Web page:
Woodwynd Hull #59
Another picture just showed up in the mail from an earlier time.
This was taken aboard Woodwynd in 1985 after a weekend sail to Catalina. The photo on the bulkhead was a copy of the cover of the Dinghy (local Marina Del Rey sail rag) after the W.H.O.A race.
UPDATE: I just (2/16/2011 & 2/18/2010) got two letters from an earlier owner. I have copied them below along with my reply to the first. I knew this boat when I was growing up. It was built in the driveway of a neighbor and friend of my dad.
|I had my wife scan a photograph of Woodwynd that we still have hanging on a wall of our home here in Rhode Island. Attached is that scan. I believe the original photograph was taken in the spring of 1974 ...or about 37 years ago. Woodwynd was on a mooring at the Isthmus, Catalina Island, and the hills on the east side of the Isthmus are evident in the background. The reason for the Union Jack flying from the starboard ensign halyard was that a friend from England was in the US and accepted an invitation to sail to Catalina.
By the way, when we were racing her in the early 1970's a number of people inquired about the spelling of her name. It is an interesting story. Many years ago while I was a graduate student, I was studying in the university library, and evidently needed to look up a word beginning with the letter "w". The nearest dictionary (this was long before spell-check) was the multi-volume Oxford Dictionary of the English Language. While looking up whatever word it was that I was then so interested in at that time ...which has long since passed from my recollection... I happened to see the word "wynd". It had three distinct meanings: (1) Old English; "to win" as in "to win the race", (2) Middle English; "the wind", as in "the wind is blowing", (3) Modern English; to wynd one's way along, as in "to go". I thought at that very moment "what a great name for a sailboat", since clearly one wants "to go", you are moved by "the wind", and with a bit of luck and good fortune when racing one would obviously like "to win". That was about 1963. In 1969 when George Baker and I bought Seaya from Ken Pond, I told the story to George over a cold beer, and since she was a wooden boat we quickly decided on Woodwynd. Hopefully, her current owner will enjoy that little story.
Fair winds and following seas.
I just found out about your L-36 site from an old friend who lives in CA. I moved to Saunderstown, RI in 1997 and hence have been far away from CA for some years.
I was the co-owner, with George Baker, of Woodwynd, sail number 7459, hull 59, (the former Seaya), originally owned by Ken Pond from Long Beach, CA. We bought her in the fall of 1969, re-christened her as Woodwynd, did a lot of sanding and varnishing, and sailed her in eight Newport-Ensenada races as well as the 1971 and 1973 TransPac races. We also cruised her extensively to Catalina many times, and to the Channel Islands often. She was a wonderful boat with a seakindly motion in the roughest weather.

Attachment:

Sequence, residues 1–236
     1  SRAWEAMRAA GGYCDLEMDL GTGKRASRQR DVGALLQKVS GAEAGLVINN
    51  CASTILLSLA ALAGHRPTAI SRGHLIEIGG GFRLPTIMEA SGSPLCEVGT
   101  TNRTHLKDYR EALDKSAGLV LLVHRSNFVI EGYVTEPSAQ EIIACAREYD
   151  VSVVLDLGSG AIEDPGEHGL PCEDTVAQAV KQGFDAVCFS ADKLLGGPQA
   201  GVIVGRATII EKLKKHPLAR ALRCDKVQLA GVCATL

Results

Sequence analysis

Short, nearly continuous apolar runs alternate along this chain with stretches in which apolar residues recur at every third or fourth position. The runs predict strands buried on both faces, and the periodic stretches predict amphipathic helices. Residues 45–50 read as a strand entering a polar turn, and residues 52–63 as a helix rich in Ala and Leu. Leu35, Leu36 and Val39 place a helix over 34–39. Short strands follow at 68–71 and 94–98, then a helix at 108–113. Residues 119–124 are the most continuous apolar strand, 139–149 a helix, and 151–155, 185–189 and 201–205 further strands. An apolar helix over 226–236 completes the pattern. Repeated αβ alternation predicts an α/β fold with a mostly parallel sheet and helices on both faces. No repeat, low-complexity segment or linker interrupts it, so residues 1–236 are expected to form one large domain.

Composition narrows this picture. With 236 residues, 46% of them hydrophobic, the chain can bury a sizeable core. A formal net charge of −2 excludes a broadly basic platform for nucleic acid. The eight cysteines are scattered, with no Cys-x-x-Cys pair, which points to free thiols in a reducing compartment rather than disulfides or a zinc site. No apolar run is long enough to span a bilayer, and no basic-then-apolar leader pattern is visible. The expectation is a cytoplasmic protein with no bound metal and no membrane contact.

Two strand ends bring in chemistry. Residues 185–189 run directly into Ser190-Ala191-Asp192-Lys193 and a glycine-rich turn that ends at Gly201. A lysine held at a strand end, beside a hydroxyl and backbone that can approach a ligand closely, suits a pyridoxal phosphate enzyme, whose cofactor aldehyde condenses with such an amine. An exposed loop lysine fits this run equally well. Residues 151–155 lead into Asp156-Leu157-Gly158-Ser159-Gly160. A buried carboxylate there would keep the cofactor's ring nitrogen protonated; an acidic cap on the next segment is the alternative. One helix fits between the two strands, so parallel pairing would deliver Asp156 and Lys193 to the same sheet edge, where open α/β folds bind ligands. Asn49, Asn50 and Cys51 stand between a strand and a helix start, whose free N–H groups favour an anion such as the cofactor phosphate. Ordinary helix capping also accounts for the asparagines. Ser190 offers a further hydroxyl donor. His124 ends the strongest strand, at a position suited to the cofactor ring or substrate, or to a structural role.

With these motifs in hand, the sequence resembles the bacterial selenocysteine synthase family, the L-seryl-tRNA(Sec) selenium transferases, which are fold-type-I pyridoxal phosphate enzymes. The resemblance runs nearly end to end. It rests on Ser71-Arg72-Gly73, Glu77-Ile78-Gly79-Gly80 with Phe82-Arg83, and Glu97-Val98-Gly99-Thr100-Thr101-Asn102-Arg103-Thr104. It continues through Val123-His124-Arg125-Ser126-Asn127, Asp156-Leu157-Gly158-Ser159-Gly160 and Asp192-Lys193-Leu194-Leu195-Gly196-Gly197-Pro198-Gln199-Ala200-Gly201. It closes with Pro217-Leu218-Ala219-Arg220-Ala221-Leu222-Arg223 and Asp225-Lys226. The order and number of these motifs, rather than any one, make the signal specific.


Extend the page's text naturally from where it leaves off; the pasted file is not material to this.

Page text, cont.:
Ultimately, I bought out George Baker's interest in 1973, and subsequently sold her in 1976 when four friends and I designed, constructed, and raced the cold molded 2 Tonner, Flexible Flyer.
On the one hand it was sad to see the condition that dear old Woodwynd had deteriorated to, but heart warming to see that someone loves her enough to re-condition her.
All the best,
and my reply:
Thank you so much for the note. It is a small world story for me. My dad lived on the same street as Ken Pond and I watched for what seemed like a decade as he built the boat (from a purchases hull) in the driveway of his home. I drove by that boat many times and sailed with her over to Catalina as both Ken and my dad were in the same club, the Channel Cursing Club. I did not know that was the same boat as Woodwynd. I will post your letter on the Woodwynd site.
Slow but steady progress on Woodwynd. Cockpit pretty much done. Cabin sides/front rebuilt. Engine working. The front of the cabin and port sides are glassed and varnished. replaced some engine related wiring. Tore the rest out--very corroded. This batch of nice weather caused the mahogany to delaminate from the outboard surface of the cockpit coaming. stopped by my dads tonight to borrow some more clamps...
Here is the letter from an early owner:
We owned Woodwynd in the early 80's (81-85)and that is the original name. We were the third owners. Woodwynd was built by Chapman & Kalayjian in Costa Mesa in 1963.
There were Transpac plaques on the interior bulkhead when we sold her. We also left a log on board that documented one of the Transpac races.
We raced in the WHOA (Wooden Hull Owner's Association) and always came in 2nd! A photo of Woodwynd was on the cover of the Dinghy...a Marina Del Rey sailing paper in one of the WHOA races in 1985.
We restored the cabin exterior and the deck (painted w/walnut shells)and LPed the hull. We hauled out faithfully every year.
We had a new Universal Atomic 4 gas engine and a folding prop (kind of a pain. We kept her in Marina Del Rey near the Pacific Mariners yacht club.
Unfortunately when we sold her, she fell in to disrepair and I saw Woodwynd in Santa Barbara about 10 years later and she looked like hell...very depressing.
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